CHICAGO Nov 13 U.S. production of corn-based
ethanol could reach 14 billion gallons in 2014 because of
positive margins for processors and demand from buyers, Archer
Daniels Midland Co's chief executive said on Wednesday.
Production could be "in the 14 billion range" even if the
U.S. Environmental Protection Agency (EPA) lowers its target for
use of renewable fuels, ADM CEO Patricia Woertz said in a
webcast of a Morgan Stanley conference. Illinois-based ADM is
the top U.S. ethanol producer.
The EPA is expected to propose new targets for its Renewable
Fuel Standard (RFS) as early as this week.
"Regardless of where the RFS comes through, we see it as a
period where you can have positive margins," Woertz said of the
U.S. farmers are harvesting a record-large corn crop this
year and replenishing inventories depleted by last year's
historic drought. The influx of supply has pushed corn futures
to three-year lows and ethanol margins to their highest level
since late 2009, the last year of a record corn harvest.
The EPA has considered a proposal that would set next year's
target for use of renewable fuels at 15.21 billion gallons,
according to a leaked draft of the proposal. That would be less
than the 18.15-billion gallon 2014 target established in the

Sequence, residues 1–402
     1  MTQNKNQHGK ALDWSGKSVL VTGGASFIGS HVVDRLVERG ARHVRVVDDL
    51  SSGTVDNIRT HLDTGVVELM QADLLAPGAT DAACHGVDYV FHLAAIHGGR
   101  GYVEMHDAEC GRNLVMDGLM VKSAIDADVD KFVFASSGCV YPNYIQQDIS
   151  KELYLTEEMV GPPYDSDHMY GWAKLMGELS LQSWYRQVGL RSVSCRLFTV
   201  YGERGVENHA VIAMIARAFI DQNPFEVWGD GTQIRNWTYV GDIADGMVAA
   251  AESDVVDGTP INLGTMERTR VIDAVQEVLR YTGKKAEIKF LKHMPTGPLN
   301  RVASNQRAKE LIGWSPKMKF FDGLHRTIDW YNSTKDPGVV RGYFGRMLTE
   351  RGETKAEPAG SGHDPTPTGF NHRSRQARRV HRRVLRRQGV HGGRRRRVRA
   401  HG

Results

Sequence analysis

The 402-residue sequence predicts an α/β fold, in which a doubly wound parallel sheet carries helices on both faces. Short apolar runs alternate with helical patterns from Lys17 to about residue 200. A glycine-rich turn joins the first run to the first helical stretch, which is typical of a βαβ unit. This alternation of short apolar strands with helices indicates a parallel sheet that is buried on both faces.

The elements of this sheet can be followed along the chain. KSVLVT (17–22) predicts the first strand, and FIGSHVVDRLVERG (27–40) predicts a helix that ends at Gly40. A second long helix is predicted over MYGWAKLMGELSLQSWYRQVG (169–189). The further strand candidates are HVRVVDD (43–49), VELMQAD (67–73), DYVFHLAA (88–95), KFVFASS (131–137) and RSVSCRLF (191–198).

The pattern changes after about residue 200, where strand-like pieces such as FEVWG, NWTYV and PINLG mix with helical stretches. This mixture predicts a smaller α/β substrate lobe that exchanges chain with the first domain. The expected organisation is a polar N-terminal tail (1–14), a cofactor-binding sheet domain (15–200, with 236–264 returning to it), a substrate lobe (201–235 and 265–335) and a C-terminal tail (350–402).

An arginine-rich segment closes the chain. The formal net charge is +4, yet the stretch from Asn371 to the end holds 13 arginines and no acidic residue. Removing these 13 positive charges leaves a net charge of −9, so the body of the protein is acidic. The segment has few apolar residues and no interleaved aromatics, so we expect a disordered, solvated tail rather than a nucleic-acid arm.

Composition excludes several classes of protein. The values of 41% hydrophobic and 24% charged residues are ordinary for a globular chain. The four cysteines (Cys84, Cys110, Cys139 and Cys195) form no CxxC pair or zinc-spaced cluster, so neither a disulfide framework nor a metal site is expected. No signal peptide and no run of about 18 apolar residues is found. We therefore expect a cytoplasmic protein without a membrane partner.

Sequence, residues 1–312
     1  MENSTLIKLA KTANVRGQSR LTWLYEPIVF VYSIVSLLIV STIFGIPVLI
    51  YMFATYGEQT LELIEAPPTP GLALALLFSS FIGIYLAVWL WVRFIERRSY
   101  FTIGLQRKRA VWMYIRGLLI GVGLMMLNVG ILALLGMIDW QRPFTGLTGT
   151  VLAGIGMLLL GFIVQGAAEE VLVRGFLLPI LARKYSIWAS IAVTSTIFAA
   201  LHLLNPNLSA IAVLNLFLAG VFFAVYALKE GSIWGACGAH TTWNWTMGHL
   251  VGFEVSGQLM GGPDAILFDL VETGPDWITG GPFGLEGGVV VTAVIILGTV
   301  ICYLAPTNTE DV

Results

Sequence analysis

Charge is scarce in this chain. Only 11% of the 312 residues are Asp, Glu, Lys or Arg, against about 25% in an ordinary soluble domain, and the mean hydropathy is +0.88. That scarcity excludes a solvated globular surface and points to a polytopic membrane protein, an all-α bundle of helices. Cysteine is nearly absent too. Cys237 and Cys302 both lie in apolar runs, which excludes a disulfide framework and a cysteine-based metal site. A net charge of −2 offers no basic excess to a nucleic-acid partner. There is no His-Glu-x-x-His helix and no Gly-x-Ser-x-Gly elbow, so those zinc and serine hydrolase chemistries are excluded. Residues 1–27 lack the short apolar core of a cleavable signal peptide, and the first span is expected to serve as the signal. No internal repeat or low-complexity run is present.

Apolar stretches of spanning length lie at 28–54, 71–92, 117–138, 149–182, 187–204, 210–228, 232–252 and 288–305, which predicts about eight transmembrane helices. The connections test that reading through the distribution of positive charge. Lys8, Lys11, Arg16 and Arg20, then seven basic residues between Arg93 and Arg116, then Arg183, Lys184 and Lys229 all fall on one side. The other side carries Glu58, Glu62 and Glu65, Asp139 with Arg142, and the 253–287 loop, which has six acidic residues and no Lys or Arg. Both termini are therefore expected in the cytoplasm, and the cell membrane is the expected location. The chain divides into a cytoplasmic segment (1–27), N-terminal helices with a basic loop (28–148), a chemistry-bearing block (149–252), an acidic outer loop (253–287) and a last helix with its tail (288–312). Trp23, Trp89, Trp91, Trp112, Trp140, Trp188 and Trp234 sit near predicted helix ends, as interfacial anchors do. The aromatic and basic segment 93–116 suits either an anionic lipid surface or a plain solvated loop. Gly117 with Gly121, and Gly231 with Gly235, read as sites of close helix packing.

At 15.21 billion gallons, the proposal would leave room only
for some 13 billion gallons of corn-based ethanol to be blended
into the nation's gasoline supply, down from 13.8 billion this
year and 14.4 billion required by law for 2014.
"Keep in mind that the industry produced 14 billion gallons
before, even though the mandate was only 12.8, back in 2011,"
Woertz said. "It could be another example of the industry
producing to meet market demand."
The EPA has said gasoline blended with as much as 15 percent
ethanol, or E-15, is safe for vehicles made in 2001 or later.
But oil refiners have argued the blend could damage car engines,
and few gas stations sell it outside of the Corn Belt.
Cheaper corn and ethanol prices "will allow more retail
outlets to see the economic opportunity for them to do it on,
maybe not a one-by-one basis, but maybe in larger numbers,"
Woertz said about adding E15 pumps.